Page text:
Pentagon Watchdog That Trump Sidelined From COVID Oversight Resigns

WASHINGTON, DC - DECEMBER 6: Glenn Fine, acting Inspector General at the U.S. Department of Defense, testifies during a Senate Judiciary Committee hearing concerning firearm accessory regulation and enforcing federal... WASHINGTON, DC - DECEMBER 6: Glenn Fine, acting Inspector General at the U.S. Department of Defense, testifies during a Senate Judiciary Committee hearing concerning firearm accessory regulation and enforcing federal and state reporting to the National Instant Criminal Background Check System (NICS) on Capitol Hill, December 6, 2017 in Washington, DC. (Photo by Drew Angerer/Getty Images) MORE LESS
May 26, 2020 3:08 p.m.
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The government watchdog picked to oversee trillions in COVID-19 relief spending — until he was sidelined by President Donald Trump — resigned Tuesday. 

Glenn Fine had served as the principal deputy inspector general at the Pentagon, filling in as the military’s top watchdog for months, until April

A few days earlier, colleagues of Fine’s had chosen him to chair the Pandemic Response Accountability Committee, or PRAC. But after he was selected for that post, Trump replaced him as the Pentagon’s acting inspector general — making him ineligible to lead PRAC. 

“The time has come for me to step down and allow others to perform this vital role,” Fine said in a statement, as Axios first reported. CNN reported that Fine resigned on his own accord rather than being told to do so, according to an unnamed Pentagon official. 

Notably, former Defense Secretary James Mattis told CNN that Fine’s resignation was “regrettable.” 

“It’s regrettable seeing such a highly competent, non-partisan patriot and public servant leaving government service,” he told CNN in a statement. “Mr. Glenn Fine represents all that is noble in taking on the hard work of keeping government honest and responsive. He will be missed.”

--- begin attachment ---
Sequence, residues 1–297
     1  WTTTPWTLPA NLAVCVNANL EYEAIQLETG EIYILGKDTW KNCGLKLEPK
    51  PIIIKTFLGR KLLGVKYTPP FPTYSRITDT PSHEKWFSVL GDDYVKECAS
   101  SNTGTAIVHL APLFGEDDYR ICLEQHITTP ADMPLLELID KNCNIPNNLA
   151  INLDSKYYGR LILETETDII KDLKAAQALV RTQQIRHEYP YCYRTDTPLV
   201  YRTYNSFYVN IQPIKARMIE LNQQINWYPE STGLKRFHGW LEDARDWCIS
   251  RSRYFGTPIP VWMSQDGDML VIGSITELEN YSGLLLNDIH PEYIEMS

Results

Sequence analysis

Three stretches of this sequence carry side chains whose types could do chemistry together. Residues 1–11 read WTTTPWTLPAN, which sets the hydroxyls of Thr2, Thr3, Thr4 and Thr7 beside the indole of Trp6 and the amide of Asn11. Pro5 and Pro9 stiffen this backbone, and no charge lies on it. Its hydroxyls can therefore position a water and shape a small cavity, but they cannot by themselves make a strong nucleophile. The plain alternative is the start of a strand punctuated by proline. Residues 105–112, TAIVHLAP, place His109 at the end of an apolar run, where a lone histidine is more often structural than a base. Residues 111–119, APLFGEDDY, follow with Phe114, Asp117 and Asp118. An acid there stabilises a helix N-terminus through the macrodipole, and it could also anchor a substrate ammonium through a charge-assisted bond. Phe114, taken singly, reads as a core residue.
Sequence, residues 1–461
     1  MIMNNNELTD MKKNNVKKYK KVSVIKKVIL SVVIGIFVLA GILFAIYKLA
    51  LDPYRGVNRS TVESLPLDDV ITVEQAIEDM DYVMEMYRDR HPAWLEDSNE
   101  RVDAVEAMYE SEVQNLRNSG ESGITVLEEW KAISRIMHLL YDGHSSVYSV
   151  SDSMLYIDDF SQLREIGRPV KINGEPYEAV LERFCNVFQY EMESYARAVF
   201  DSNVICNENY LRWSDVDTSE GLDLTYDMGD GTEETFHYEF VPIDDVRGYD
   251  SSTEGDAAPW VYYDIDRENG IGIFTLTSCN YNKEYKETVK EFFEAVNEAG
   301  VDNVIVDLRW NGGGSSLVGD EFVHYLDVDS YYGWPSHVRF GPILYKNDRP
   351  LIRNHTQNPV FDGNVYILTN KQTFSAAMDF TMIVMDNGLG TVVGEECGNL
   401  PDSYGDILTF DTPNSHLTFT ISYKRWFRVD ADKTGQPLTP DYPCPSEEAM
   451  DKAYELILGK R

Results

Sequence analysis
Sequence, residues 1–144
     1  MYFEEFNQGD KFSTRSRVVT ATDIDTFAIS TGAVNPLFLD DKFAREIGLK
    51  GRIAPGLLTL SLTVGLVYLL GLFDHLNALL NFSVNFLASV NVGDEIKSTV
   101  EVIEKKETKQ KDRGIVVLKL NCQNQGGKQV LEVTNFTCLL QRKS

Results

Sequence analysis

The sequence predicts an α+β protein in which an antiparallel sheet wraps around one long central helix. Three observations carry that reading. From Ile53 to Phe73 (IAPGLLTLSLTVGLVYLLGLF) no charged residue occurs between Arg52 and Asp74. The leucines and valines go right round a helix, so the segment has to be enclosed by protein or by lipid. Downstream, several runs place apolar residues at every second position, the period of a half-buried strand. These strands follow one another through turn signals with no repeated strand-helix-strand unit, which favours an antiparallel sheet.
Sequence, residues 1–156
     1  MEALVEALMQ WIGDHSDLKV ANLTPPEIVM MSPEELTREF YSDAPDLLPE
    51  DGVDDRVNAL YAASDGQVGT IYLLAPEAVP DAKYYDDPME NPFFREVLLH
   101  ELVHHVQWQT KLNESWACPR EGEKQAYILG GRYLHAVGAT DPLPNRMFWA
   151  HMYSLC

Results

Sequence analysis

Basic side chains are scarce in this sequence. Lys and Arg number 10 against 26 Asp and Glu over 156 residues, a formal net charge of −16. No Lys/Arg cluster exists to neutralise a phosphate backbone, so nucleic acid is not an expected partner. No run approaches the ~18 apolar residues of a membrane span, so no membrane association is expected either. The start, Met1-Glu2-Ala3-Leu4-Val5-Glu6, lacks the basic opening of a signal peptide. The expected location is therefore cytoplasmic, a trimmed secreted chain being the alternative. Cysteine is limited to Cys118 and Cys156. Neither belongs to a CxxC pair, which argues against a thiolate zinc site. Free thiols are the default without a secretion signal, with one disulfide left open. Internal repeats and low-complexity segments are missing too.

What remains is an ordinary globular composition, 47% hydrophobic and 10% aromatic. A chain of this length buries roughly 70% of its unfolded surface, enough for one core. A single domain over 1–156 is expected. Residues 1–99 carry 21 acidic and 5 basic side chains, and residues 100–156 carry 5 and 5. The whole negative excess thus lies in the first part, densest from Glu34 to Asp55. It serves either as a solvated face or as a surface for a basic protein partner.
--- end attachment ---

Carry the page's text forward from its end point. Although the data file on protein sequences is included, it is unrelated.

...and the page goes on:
Fine’s resignation is yet another chip away at the network of inspectors general tasked with keeping an eye on the federal government. In recent weeks, the President has led a crusade against the government watchdogs. 

In April, Trump fired the intelligence community inspector general Michael Atkinson, who informed Congress of the whistleblower complaint that led to Trump’s impeachment. 

Earlier this month, the White House announced a nominee to replace the Health department’s acting inspector general Christi Grimm, whose office released a damning report detailing the administration’s shortcomings in supplying hospitals for the COVID-19 pandemic.

A couple weeks later, Trump canned the State Department Inspector General Steve Linick upon the recommendation of Secretary of State Mike Pompeo — who himself answered questions for an investigation from Linick’s office regarding the “emergency” approval of a weapons sale to Saudi Arabia. 

Last week, Trump said he was willing to fire inspectors general appointed by former President Barack Obama “in pretty much all cases.” CNN cited unnamed sources who claimed Trump had long sought to remove Fine, viewing him as an Obama holdover. 

While it is the case, according to Fine’s Pentagon bio, that he began serving in the Pentagon inspector general’s office during Obama’s second term, he’d previously served under other presidents.

Fine was director of the Justice Department’s Special Investigations and Review Unit during the Clinton administration and served as Justice Department inspector general from 2000 to 2011.

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